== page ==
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  • Writer's pictureKatrin Silva

Words and Silence: Horse-Rider Conversations

Young Cami, taking her Western dressage test seriously.

I think of riding as communication, a dialogue between horse and and human. Just like in other conversations, sometimes both parties understand each other perfectly, sometimes less so. The type of tack a horse is wearing has nothing to do with the quality of that horse-rider conversation, but the style of riding does influence its tone. For example, Western riding is based on a working tradition, with practical goals like roping a steer or checking a fence. Horse and rider have to focus on something other than riding at least some of the time. Because of this, they have to trust each other without constantly checking in with each other. Here’s an example of a conversation I had last summer when I was on a trail ride with a friend on the ranch her husband manages. I was riding an old buckskin horse named Big’un who really knew the terrain, and his job:

He knows he's got a job to do.

“Hey, Big’un?”


“Let’s jog up that fence line.”


“Just follow Christina’s horse.”

“You silly person. I would have done that anyway.”

. . . . (ten minutes pass)

“Turn left.”


. . . . (time passes)

“Think we can lope for a while? Otherwise, it might get dark by the time we get home. ”

“Good idea. I was thinking the same thing.”


. . . . (time passes) . . .

“Whoa. Time for a walk break. Don’t want you to get home all sweaty.”

“It’s about time! Thank you”

. . .

You get the idea. Like the dialogue in an old Western movie, Western horse-rider communication uses few words and wastes none. Pauses in the conversation feel comfortable and don’t need to be filled with idle chatter. A good Western horse knows his job, and does not need constant reminders on how to do it. No talk is better than small talk because both conversation partners may have other things to worry about, like a rope or a cow, or even a simultaneous conversation with a friend on a relaxing trail ride.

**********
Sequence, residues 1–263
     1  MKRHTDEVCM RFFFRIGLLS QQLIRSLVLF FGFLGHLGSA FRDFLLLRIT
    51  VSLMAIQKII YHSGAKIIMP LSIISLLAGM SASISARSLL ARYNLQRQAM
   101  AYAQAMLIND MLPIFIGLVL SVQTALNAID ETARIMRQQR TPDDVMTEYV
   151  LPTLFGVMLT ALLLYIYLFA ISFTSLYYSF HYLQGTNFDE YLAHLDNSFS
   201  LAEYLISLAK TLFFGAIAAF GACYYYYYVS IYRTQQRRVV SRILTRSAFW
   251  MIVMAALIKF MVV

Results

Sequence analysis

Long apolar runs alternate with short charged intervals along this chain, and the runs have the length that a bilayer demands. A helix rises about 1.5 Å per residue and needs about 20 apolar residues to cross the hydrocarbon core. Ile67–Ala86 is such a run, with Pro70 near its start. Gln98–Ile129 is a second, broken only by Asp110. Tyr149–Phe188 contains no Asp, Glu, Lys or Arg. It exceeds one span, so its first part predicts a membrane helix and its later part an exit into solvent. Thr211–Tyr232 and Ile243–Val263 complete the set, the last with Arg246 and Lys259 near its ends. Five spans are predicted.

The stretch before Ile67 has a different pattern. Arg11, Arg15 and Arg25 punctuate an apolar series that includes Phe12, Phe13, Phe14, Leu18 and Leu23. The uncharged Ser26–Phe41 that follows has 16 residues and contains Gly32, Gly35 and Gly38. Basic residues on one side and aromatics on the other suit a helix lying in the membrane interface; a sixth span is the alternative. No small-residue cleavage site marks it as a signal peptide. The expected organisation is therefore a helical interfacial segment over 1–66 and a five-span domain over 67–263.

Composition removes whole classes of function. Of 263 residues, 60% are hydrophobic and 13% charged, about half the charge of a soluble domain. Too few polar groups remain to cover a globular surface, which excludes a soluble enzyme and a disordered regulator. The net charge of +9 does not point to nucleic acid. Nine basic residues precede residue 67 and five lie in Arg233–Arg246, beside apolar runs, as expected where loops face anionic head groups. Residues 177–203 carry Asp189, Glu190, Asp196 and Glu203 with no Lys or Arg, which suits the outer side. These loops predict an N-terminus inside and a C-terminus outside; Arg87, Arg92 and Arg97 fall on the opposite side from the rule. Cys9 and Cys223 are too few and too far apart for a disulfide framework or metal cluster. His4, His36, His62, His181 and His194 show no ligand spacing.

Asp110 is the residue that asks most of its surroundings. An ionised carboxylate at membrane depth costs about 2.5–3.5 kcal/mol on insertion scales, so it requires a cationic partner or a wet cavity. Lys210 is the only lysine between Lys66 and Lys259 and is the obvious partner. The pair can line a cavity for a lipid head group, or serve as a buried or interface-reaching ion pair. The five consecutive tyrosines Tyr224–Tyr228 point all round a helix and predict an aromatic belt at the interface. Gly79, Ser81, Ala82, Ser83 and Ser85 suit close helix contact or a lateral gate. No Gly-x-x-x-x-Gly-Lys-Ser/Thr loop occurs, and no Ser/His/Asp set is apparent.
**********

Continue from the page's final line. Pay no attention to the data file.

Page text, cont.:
OTTB Ivy, learning focus and other conversational skills.

In dressage, the opposite is true: riding happens for the sake of riding, not for any other, more practical reason. Horse and rider can focus exclusively on each other. Their conversation demands every bit of both partners’ attention, which is why there are more words, longer sentences, and fewer moments of silence. This is a conversation I had with a Quarter Horse named Houston I used to show at Second Level. Houston was always eager to please, but could be a bit of a worrywart when we entered at A:

Houston, the little plain Quarter Horse who tried so hard. Retired now, but never forgotten.

“Hey, are you listening to me?”

“What? Oh, sorry, I was daydreaming about that cute Andalusian mare I saw in the warm-up pen. Now I am.”

“Dude, it would never work out. She’s out of your league. Ready to trot up centerline?”

“Just a second . . . turn now? Now?”

“Ok, let’s go! . . . no, not like that. You’re shuffling. Pick up your hind feet!”

“Like this?”

“Yes, but don’t rush, either.”

“Ok, I get it. Like that?”

Yes, but don’t wiggle. Stay straight.”

“Geez, make up your mind. Like that?”

“Yes, thank you.“

“Well, hallelujah! Are you finally happy with my trot?”

“It’s great now, except we need to halt at X. Almost there, get ready!”

“Got it! Now?”

“Not yet . . . now!”

“Was that good? It was, wasn’t it? Please say it was good! ”

“Yes, it was, thank you, but your left hind foot is parked way out behind you. Bring it up, please.”